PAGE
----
The east coast of Tasmania is an ideal spot for a summer holiday. You’ll find pristine beaches, small islands that feel peacefully remote, and pockets of sun that are rare that far south.

It has a plethora of accommodation options, from the luxe sea shack of your dreams to budget gems within a stone’s throw of the Bay of Fires and Freycinet National Park. You can paddle a kayak and swim with dolphins, stroll along white-sand beaches or indulge in a whisky tour. In this guide, we’ll recommend where to stay and what to eat, drink and do on Tasmania’s east coast.

EAT

Tasmanian Coastal Seafoods
It wouldn’t be a summer holiday in Tassie without at least one stop for seafood or fish’n’chips – it’s the law. You’re spoilt for choice on the east coast, but we recommend the ocean view and unpretentious charm of the award-winning Tasmanian Coastal Seafoods in Bicheno.

You won’t fresher seafood anywhere else: most of the stock is kept in tanks out the back, with ocean water pumped directly in. Prawns and lobster are cooked fresh each morning and abalone is farmed on-site. The calamari is a must-try and the fish burger earns big plaudits.

This shop might look unassuming from the front, but don’t be deceived – out the back are tables overlooking Governor Island and the historic boat ramp (otherwise known as The Gulch). Afterwards, take a stroll around the pretty fishing village, once a thriving centre for whaling.

facebook.com/tasmanian-coastal-seafoods
48 Esplanade, Bicheno

Pub in the Paddock
This one is exactly what it says it is. Thirty minutes inland from St Helens you’ll find this rustic pub – one of the oldest in Tassie, licensed since 1880 – plonked in the middle of a paddock deep in dairy country. The menu is dominated by classic pub grub: chicken parmigiana, pork spare ribs, steak sandwich, surf’n’turf, ‘roo patties and fish’n’chips. (Vegetarian options are scarce.)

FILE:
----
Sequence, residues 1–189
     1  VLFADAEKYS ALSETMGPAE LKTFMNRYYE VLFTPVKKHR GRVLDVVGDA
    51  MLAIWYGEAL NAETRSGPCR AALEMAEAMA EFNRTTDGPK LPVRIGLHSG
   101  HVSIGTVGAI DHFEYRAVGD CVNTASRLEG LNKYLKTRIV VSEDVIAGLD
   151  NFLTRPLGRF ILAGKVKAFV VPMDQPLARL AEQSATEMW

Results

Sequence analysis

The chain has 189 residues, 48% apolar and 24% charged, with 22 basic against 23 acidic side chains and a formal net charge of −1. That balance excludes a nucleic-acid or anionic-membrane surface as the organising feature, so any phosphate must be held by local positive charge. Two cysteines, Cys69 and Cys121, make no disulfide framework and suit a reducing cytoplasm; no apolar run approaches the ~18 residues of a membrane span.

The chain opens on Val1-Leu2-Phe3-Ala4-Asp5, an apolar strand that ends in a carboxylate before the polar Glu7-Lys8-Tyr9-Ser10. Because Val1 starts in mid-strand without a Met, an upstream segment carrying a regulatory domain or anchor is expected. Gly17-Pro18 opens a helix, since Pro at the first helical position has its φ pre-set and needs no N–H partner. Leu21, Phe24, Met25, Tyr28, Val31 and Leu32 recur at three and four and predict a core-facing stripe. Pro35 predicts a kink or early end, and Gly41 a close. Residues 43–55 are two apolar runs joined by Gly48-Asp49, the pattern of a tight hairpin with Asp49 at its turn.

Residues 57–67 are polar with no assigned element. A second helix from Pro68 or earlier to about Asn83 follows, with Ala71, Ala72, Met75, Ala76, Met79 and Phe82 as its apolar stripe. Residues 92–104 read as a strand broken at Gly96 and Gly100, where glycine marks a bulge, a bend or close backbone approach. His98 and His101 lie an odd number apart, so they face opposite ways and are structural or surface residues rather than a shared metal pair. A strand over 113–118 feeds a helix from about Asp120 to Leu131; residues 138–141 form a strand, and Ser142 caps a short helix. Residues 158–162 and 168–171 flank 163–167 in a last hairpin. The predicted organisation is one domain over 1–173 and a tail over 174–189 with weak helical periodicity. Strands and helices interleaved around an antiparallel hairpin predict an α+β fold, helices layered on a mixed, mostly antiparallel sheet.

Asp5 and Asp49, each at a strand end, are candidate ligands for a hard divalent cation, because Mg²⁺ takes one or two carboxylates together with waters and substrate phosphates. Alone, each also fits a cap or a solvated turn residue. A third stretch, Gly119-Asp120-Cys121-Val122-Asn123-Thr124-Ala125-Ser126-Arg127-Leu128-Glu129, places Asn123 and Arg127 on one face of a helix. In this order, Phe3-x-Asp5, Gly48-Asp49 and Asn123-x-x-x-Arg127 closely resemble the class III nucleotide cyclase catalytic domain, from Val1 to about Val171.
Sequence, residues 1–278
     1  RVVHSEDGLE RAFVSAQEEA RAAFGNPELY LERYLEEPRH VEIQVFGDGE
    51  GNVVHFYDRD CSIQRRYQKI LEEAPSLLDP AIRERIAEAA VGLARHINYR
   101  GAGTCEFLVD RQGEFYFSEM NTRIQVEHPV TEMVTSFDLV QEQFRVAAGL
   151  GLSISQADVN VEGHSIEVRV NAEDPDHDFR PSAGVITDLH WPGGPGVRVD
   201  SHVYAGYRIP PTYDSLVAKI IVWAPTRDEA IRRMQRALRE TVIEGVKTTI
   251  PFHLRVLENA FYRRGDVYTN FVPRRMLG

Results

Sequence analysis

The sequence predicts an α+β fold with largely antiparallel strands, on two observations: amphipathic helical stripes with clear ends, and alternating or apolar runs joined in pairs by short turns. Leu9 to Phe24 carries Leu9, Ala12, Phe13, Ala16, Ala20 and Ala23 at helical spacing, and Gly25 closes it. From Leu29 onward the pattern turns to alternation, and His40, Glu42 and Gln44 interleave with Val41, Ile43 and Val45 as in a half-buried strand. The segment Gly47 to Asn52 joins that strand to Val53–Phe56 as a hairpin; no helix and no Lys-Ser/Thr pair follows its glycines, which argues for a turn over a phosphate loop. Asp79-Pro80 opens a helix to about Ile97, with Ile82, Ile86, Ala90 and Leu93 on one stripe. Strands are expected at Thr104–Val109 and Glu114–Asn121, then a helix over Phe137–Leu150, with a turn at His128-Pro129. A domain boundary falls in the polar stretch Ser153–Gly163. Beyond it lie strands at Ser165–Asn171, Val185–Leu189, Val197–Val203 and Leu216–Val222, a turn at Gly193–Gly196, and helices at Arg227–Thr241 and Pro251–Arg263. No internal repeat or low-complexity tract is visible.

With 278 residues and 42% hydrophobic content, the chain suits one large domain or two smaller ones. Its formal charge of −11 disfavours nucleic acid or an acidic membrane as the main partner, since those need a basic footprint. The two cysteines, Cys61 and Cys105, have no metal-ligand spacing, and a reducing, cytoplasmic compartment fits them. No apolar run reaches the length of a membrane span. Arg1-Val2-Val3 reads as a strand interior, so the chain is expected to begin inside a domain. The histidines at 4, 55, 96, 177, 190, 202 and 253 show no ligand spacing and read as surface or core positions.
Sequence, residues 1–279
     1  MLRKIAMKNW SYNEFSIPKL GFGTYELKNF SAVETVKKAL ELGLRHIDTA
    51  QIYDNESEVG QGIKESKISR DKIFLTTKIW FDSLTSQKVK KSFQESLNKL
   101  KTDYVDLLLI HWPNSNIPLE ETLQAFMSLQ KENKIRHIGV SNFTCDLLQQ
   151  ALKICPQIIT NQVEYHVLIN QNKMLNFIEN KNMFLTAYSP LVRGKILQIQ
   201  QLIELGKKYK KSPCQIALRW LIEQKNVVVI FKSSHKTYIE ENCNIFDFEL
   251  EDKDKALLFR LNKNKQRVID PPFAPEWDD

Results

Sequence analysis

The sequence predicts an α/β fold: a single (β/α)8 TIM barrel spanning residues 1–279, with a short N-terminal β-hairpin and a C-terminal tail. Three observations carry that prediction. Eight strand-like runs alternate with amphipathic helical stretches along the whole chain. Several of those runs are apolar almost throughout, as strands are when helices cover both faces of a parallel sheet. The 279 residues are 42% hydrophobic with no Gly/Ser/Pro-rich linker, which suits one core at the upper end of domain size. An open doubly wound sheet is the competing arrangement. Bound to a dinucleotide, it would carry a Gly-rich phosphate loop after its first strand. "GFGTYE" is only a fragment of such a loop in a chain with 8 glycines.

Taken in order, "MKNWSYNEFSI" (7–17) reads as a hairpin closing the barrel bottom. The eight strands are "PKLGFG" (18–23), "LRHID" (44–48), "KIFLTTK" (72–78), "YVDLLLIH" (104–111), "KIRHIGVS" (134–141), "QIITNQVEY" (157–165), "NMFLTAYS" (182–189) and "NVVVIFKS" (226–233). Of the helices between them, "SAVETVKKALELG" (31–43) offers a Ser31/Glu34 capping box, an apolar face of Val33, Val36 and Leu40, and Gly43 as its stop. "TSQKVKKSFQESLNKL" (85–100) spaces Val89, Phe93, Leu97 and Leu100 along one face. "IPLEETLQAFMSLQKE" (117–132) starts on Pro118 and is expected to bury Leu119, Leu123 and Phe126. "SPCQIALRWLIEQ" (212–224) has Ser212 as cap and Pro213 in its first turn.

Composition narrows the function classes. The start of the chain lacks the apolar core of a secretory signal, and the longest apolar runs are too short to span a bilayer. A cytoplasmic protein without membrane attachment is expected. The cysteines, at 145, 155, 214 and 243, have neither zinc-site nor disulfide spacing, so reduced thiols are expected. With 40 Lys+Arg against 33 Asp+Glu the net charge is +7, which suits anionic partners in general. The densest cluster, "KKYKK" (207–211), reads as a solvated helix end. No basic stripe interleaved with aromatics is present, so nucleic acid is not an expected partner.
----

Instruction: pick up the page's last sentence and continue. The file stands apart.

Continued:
Pub in the Paddock is as much about the atmosphere as the food, and the walls are covered with historical photographs and memorabilia depicting generations of no-nonsense Tassie rural living. They even have a beer-drinking pig (we haven’t made this up) named Priscilla that you can meet outside and share a beer with.

And if all that’s too much of a cultural overload, take a post-lunch stroll in the nearby St Columba Falls State Reserve (home to a spectacular 90-metre waterfall) or sample the cheeses at Pyengana Dairy.

pubinthepaddocktas.com.au
250 St Columba Falls Road, Pyengana

DRINK

Spring Bay Distillery
Whisky has taken off in a big way in Tasmania since the repeal of the 19th-century ban on distillation – aided by high-quality water, fertile growing conditions for barley, plus a proliferation of passionate distillers. Cam and Suzy Brett, owners of Spring Bay Distillery, have passion in spades – and the right environment and ingredients for producing great product.

Their distillery at Spring Beach is 500 metres from the ocean, facing Maria Island (well worth a visit on its own), and the sea mist adds a subtly briny (and curiously sweet) character to the water used to distil Spring Bay’s single-malt whisky. Cam or Suzy will be happy to have a chat and answer any questions, and you can also book a 90-minute tour and tasting session. The Rheban port cask whisky is a winner, as is the pink, raspberry-infused gin.

springbaydistillery.com.au
6 Hoods Road, Spring Beach

DO

The Freycinet Paddle
Freycinet National Park is probably Tasmania’s most famous coastal park, home to The Hazards (a stunning granite mountain range) and the postcard-perfect curved white-sand beach, Wineglass Bay. The roads and walking tracks often get choked with car and foot traffic during the busy summer months, so to avoid the crowds – and get a spectacular view of the landscape – why not jump in a kayak and take a paddle around the coastline?